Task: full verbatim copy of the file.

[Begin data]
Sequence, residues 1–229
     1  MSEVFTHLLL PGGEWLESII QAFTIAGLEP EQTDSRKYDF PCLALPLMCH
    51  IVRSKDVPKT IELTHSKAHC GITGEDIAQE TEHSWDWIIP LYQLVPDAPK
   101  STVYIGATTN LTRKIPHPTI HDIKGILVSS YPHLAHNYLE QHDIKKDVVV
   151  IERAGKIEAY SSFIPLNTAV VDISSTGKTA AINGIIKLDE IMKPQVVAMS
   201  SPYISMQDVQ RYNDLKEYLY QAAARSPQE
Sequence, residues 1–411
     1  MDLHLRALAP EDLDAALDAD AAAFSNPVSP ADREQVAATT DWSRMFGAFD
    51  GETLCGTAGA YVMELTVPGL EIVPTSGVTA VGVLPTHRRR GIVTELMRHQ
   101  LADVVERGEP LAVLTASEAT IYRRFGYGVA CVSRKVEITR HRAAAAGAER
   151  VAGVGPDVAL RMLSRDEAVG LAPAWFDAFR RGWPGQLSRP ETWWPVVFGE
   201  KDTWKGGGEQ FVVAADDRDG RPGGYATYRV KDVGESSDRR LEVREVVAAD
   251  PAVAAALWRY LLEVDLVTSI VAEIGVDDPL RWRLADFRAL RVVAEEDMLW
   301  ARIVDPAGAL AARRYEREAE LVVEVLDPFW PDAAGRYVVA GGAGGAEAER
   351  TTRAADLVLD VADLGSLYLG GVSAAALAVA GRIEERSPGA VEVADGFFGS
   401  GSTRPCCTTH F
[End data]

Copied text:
Sequence, residues 1–229
     1  MSEVFTHLLL PGGEWLESII QAFTIAGLEP EQTDSRKYDF PCLALPLMCH
    51  IVRSKDVPKT IELTHSKAHC GITGEDIAQE TEHSWDWIIP LYQLVPDAPK
   101  STVYIGATTN LTRKIPHPTI HDIKGILVSS YPHLAHNYLE QHDIKKDVVV
   151  IERAGKIEAY SSFIPLNTAV VDISSTGKTA AINGIIKLDE IMKPQVVAMS
   201  SPYISMQDVQ RYNDLKEYLY QAAARSPQE
Sequence, residues 1–411
     1  MDLHLRALAP EDLDAALDAD AAAFSNPVSP ADREQVAATT DWSRMFGAFD
    51  GETLCGTAGA YVMELTVPGL EIVPTSGVTA VGVLPTHRRR GIVTELMRHQ
   101  LADVVERGEP LAVLTASEAT IYRRFGYGVA CVSRKVEITR HRAAAAGAER
   151  VAGVGPDVAL RMLSRDEAVG LAPAWFDAFR RGWPGQLSRP ETWWPVVFGE
   201  KDTWKGGGEQ FVVAADDRDG RPGGYATYRV KDVGESSDRR LEVREVVAAD
   251  PAVAAALWRY LLEVDLVTSI VAEIGVDDPL RWRLADFRAL RVVAEEDMLW
   301  ARIVDPAGAL AARRYEREAE LVVEVLDPFW PDAAGRYVVA GGAGGAEAER
   351  TTRAADLVLD VADLGSLYLG GVSAAALAVA GRIEERSPGA VEVADGFFGS
   401  GSTRPCCTTH F